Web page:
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On moving forward and breaking compatibility

by pemungkah (Priest)
on Feb 10, 2010 at 00:25 UTC ( #822315=perlmeditation: print w/ replies, xml ) Need Help??

EDIT: Added additional example of why "good idea" upgrades may lead to bad results (thanks, crashtest).

EDIT: Added section on blind upgrading as bad practice (thanks, chromatic).

EDIT: Final clarification on making it usable vs. compensating for negligence, and on trust.

Introduction

This started as a reply to WWW::MECHANIZE Get Errors Ending Program Early? but I realized that it was better moved here. First, this is not a criticism of WWW::Mechanize nor its many contributors nor of Andy Lester, its original author. WWW::Mechanize is a great module and truly valuable. This is a meditation on good programming support practices to introduce necessary yet incompatible changes

The story

I love WWW::Mechanize to bits. It's immensely useful. It makes things so easy to do. But it has one wart in its release history, and that is the change that made autocheck on by default.

For those not familiar with the history of this module, the original version required you to check the status of your calls: you would need to say

my $mech = WWW::Mechanize->new(); $mech->get("http://my.server.com/my/path"); if (! $mech=>success) { # attempt to recover }
This was the default for many releases. It was in keeping with many of Perl's APIs: if you do something that might fail, it's your job to check it.

As time went on there was a good cultural shift in the Perl community: from "here's the gun, try to aim away from your foot" to "programmers shouldn't have to remember to keep themselves out of trouble if we can do it automatically". If there is trouble and the programmer isn't checking, you need to do something blatantly obvious to either signal the failure or encourage the programmer to catch the error. This is a great idea, and a great goal. Programmers need all the assistance their support code can give them. Letting me know I have a problem is a good thing.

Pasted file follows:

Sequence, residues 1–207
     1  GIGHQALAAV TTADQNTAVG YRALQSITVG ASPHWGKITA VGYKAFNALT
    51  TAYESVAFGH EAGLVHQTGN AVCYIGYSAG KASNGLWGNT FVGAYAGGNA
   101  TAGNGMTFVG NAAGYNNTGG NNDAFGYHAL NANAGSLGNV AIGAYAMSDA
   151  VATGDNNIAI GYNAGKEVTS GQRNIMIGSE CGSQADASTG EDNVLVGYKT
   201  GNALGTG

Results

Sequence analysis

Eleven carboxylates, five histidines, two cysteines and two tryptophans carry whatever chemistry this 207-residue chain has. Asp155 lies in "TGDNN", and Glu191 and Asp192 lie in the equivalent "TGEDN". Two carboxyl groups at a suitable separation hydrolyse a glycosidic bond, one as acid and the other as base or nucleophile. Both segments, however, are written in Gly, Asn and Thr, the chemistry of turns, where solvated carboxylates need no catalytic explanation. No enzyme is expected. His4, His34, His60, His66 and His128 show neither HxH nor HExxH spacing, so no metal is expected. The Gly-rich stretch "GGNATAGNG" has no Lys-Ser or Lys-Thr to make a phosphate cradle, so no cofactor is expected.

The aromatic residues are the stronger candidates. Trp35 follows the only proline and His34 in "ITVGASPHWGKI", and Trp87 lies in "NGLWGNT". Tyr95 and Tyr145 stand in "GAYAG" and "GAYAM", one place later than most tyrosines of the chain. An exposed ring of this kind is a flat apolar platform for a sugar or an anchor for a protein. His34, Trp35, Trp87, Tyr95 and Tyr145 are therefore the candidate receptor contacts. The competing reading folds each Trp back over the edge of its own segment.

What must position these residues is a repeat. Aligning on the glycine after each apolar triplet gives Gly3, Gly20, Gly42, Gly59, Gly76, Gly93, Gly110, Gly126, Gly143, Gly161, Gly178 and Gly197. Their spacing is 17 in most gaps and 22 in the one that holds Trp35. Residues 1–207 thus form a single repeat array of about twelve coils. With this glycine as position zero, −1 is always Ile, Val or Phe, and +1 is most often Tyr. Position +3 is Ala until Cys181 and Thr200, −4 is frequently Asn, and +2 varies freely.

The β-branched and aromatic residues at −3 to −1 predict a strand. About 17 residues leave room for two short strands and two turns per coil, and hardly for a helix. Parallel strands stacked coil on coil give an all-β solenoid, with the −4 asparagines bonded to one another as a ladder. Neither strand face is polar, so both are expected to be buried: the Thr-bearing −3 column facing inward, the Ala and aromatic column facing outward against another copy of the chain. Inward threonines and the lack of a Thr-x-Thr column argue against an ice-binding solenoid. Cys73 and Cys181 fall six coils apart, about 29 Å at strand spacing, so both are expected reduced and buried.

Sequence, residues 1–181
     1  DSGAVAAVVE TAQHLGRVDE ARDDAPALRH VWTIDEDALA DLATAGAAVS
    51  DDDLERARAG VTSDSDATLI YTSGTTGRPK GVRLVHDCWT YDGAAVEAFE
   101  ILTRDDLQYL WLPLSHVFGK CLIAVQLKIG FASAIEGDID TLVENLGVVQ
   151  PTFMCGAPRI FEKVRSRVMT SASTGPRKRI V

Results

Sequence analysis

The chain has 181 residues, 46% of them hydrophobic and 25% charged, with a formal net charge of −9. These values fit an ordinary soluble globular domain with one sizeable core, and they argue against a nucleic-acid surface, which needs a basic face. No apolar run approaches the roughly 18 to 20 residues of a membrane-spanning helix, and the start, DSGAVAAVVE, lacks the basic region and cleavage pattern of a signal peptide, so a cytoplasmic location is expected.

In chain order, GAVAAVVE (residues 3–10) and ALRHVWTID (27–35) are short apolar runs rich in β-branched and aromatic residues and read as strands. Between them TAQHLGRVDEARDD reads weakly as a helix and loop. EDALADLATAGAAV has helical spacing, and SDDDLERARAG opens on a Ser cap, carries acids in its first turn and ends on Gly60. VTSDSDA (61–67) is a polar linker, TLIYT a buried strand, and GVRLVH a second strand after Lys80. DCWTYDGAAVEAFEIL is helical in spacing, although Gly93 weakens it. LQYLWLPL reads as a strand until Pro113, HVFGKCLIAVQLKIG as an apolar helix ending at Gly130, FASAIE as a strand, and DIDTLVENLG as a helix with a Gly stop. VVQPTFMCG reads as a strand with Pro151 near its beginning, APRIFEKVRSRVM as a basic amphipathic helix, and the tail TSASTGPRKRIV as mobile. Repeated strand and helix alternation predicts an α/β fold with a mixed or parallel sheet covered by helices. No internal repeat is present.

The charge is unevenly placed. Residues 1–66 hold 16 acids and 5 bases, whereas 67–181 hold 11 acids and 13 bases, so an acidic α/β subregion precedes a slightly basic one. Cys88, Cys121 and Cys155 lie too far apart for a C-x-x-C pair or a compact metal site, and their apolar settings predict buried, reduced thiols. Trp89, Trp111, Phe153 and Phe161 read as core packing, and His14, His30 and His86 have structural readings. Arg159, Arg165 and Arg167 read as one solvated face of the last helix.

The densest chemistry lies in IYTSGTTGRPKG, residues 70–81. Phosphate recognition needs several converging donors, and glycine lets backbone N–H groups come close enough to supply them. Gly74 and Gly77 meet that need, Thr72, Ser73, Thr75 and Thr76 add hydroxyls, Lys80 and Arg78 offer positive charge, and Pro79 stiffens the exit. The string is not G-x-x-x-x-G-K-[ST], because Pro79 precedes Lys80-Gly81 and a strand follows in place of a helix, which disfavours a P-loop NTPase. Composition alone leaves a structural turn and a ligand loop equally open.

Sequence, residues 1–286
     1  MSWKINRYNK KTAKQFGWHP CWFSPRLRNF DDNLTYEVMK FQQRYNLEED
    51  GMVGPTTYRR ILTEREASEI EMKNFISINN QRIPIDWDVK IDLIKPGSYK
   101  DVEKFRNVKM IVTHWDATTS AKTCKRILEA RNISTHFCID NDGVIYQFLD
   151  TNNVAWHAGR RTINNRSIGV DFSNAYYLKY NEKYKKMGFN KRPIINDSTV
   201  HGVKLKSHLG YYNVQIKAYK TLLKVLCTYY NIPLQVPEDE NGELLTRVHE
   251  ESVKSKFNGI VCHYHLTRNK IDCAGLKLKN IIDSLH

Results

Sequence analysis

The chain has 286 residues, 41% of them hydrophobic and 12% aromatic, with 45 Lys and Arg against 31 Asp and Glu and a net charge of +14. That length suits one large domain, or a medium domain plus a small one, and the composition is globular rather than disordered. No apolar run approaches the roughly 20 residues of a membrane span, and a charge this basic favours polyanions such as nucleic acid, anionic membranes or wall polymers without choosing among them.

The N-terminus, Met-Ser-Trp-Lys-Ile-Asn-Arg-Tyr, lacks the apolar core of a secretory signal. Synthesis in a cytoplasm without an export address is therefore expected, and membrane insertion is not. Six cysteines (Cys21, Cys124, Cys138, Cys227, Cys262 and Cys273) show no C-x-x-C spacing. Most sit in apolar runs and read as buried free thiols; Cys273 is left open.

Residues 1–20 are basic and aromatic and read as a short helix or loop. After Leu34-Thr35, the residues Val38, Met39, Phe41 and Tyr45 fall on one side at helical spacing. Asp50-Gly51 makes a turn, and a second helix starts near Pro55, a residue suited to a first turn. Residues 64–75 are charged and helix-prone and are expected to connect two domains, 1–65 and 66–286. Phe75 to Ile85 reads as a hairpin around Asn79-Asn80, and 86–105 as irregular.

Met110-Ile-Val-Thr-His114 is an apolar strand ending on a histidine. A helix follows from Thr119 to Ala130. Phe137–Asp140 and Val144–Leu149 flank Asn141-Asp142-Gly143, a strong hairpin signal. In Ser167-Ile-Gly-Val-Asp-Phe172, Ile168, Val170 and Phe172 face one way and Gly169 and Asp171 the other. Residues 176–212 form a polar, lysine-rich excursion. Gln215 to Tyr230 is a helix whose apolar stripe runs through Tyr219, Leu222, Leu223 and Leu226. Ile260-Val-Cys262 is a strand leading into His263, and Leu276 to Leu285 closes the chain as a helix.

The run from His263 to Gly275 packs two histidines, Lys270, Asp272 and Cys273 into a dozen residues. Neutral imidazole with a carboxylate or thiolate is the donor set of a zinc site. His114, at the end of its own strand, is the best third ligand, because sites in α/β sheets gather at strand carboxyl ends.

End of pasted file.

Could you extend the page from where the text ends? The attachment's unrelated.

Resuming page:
However, there are two parts to this. One is providing tools which help out this way - this is perhaps the simpler part of the problem. The other, and more difficult, one is getting these tools in the hands of the programmers in a non-disruptive manner. The 1.49_01 release of WWW::Mechanize is an example of doing the first part very well, but not the second.

For release 1.49_01, the Changes file says

THINGS THAT MAY BREAK YOUR CODE
The autocheck argument to the constructor is now ON by default, unless WWW::Mechanize is being subclassed. There are so many new programmers whose ->get() calls fail unchecked that I'm now putting on the seat belts for them.
An excellent idea. A step in a good direction. Yes, this is classed this under "THINGS THAT MAY BREAK YOUR CODE". However, and this is important: 1.49_01 was a point release. Generally speaking, point releases introduce small improvements and backward-compatible changes. Developers can install point releases and not worry about things breaking.

This was a good change, in that it worked right, and it added significant value ... for new WWW::Mechanize users. For people already using WWW::Mechanize at $PREVIOUS_WORKPLACE, it was a serious problem.

What happened?

Code that had been working properly for several years prior to this change suddenly broke. Remember that WWW::Mechanize first shipped in 2002, and this change happened in 2008. This was the first change that didn't make your code die with a real Perl error if you ignored an incompatible change. Worse, the way in which it broke did not point out what the problem was. It was diagnosed accurately (as in, what happened was shown properly):
Error GETing http://your-uri: reason
but not completely: there was no indication why the failure was happening now, or how it needed to be fixed. It required careful reading of the man page to spot that you had to make a change to your new to turn off autocheck unless you were subclassing, in which case things worked the way they had before. Many folks using this module had it installed by someone else and did not see the Changes file that pointed out the potential problem.